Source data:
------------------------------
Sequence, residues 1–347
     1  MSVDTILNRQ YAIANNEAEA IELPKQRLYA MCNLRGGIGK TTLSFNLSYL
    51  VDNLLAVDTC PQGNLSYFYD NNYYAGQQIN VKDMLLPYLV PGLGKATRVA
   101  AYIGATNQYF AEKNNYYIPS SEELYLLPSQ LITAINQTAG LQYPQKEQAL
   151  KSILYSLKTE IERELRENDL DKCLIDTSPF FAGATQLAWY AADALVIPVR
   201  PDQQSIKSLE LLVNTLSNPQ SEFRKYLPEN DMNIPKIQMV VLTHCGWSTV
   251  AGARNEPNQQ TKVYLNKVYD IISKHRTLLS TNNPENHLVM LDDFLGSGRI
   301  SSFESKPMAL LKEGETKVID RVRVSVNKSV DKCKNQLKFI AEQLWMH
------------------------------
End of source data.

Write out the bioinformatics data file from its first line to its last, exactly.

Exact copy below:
Sequence, residues 1–347
     1  MSVDTILNRQ YAIANNEAEA IELPKQRLYA MCNLRGGIGK TTLSFNLSYL
    51  VDNLLAVDTC PQGNLSYFYD NNYYAGQQIN VKDMLLPYLV PGLGKATRVA
   101  AYIGATNQYF AEKNNYYIPS SEELYLLPSQ LITAINQTAG LQYPQKEQAL
   151  KSILYSLKTE IERELRENDL DKCLIDTSPF FAGATQLAWY AADALVIPVR
   201  PDQQSIKSLE LLVNTLSNPQ SEFRKYLPEN DMNIPKIQMV VLTHCGWSTV
   251  AGARNEPNQQ TKVYLNKVYD IISKHRTLLS TNNPENHLVM LDDFLGSGRI
   301  SSFESKPMAL LKEGETKVID RVRVSVNKSV DKCKNQLKFI AEQLWMH